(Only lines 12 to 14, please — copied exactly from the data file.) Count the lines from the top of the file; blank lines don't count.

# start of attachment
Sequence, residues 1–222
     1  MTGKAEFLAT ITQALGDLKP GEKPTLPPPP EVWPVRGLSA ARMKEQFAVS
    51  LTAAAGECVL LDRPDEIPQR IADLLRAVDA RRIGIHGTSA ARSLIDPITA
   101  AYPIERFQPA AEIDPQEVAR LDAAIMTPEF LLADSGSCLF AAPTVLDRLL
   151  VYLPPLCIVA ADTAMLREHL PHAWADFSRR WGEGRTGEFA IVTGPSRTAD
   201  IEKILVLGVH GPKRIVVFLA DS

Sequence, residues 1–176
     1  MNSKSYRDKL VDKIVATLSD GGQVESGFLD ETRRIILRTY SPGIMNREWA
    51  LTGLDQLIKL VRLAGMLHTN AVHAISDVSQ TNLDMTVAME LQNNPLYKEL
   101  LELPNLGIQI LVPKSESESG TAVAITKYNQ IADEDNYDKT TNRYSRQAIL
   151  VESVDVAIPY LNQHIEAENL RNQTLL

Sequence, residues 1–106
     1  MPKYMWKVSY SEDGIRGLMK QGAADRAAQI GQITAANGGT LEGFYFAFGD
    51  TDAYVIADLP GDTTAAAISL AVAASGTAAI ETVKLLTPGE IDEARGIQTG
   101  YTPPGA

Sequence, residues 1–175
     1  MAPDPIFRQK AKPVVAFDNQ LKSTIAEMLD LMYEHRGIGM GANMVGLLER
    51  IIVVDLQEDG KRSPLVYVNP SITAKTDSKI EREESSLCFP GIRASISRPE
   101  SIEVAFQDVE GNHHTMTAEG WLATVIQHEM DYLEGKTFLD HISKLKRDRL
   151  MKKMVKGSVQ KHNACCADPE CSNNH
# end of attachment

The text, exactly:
Sequence, residues 1–106
     1  MPKYMWKVSY SEDGIRGLMK QGAADRAAQI GQITAANGGT LEGFYFAFGD
    51  TDAYVIADLP GDTTAAAISL AVAASGTAAI ETVKLLTPGE IDEARGIQTG